A complaint was made by the Council of the Law Society of Scotland against Leslie Wilson Somerville, solicitor, Somerville & Co, Stirling. The Tribunal found the respondent guilty of professional misconduct in respect of his acting in a conflict of interest situation in relation to the sale and purchase of a flat.

The Tribunal censured the respondent and fined him in the sum of £5,000.

The respondent had acted in an obvious conflict of interest situation by entering into negotiations for the purchase of a flat by his own property company when he was also instructed in the sale on behalf of a client. As a result of those instructions, the respondent was privy to detailed information about his client’s financial problems, which could objectively be seen as him seeking to make personal gain out of his client’s misfortune. The Tribunal noted that while the sale did not ultimately proceed for other reasons, at no stage did the respondent reconsider his position and withdraw from acting. The Tribunal was of the view that the respondent’s conduct was a very serious breach of trust and would be viewed by competent and reputable solicitors as serious and reprehensible and therefore as sufficient to meet the Sharp test. The Tribunal was concerned about the circumstances which gave rise to the conflict of interest, and felt that a solicitor of the respondent’s experience should have recognised the conflict at an early stage and taken steps earlier to avoid it.

Alan James White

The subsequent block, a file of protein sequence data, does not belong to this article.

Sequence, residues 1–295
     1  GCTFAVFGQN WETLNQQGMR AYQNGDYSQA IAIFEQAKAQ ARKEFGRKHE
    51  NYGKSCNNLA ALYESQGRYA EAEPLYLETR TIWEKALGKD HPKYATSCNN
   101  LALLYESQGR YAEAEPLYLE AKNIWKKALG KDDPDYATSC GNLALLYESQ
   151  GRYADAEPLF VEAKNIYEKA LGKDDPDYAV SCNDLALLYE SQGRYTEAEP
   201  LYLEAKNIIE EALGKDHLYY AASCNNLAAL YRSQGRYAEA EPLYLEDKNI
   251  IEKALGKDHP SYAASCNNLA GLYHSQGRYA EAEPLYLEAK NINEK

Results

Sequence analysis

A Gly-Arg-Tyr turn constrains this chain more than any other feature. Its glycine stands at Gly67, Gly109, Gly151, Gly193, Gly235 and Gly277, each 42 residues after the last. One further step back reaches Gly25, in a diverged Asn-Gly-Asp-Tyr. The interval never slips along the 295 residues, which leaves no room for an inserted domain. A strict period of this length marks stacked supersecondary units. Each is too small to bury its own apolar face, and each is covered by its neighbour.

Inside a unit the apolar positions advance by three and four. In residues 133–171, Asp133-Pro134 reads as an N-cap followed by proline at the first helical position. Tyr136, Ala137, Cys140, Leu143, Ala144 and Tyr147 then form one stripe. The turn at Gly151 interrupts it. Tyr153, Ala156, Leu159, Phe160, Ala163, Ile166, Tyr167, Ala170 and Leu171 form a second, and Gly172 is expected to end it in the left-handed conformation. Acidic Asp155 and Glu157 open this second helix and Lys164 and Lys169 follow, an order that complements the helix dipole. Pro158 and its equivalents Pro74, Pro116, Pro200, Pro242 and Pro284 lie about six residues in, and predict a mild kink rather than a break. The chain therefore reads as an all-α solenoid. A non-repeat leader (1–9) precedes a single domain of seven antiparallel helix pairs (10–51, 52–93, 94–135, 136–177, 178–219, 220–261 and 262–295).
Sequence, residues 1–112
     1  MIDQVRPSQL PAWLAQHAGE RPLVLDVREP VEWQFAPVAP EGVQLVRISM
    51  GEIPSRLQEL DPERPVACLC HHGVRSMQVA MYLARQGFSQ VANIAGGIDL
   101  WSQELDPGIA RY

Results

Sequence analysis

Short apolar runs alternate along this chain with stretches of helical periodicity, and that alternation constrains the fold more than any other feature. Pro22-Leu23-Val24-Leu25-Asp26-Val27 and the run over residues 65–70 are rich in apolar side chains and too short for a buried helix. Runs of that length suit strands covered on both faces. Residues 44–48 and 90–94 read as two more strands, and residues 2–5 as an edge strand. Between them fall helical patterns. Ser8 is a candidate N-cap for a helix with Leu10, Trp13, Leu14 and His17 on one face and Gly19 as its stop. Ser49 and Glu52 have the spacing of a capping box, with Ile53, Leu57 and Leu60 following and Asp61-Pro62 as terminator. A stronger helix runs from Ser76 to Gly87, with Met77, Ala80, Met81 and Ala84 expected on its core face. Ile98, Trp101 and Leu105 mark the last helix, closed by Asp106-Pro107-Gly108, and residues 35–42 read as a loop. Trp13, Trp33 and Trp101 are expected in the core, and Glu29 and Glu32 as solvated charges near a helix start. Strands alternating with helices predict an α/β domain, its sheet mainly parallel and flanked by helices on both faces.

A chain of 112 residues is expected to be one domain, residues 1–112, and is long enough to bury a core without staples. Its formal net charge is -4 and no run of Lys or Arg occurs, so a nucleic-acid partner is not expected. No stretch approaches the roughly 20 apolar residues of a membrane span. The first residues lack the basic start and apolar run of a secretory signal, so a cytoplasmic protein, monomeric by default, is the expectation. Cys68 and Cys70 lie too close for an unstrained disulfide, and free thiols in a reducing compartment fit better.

A complaint was made by the Council of the Law Society of Scotland against Alan James White, solicitor, Milnathort. The Tribunal considered a preliminary point raised by the respondent and found that he could not be guilty of professional misconduct, as not only was the mandate not addressed to him personally but it was also not he who failed to implement it. The Tribunal accordingly upheld the respondent’s preliminary plea and dismissed the complaint.

The Tribunal heard evidence over a couple of days in connection withwhat happened when the mandate came into the respondent’s office. The Tribunal noted that the mandate was not addressed to the respondent; it was marked for the attention of the senior partner. It also related to the senior partner’s client rather than the respondent’s client. It was also clear from the evidence that the letters in respect of the mandate were not written by the respondent. Although the respondent was client relations partner, managing partner and cashroom partner, the Tribunal, on the basis of the evidence, considered that he had no real authority within the firm and it was more of a notional role. At no point was the respondent in control of the responses sent on behalf of Howat Associates in respect of the mandate. In all the circumstances, the Tribunal found that, as a junior partner, the respondent had no control over his firm’s response to the mandate, and consequently insufficient culpability to warrant a finding of professional misconduct being attached to him in respect of the unreasonable delay in failure to implement the mandate.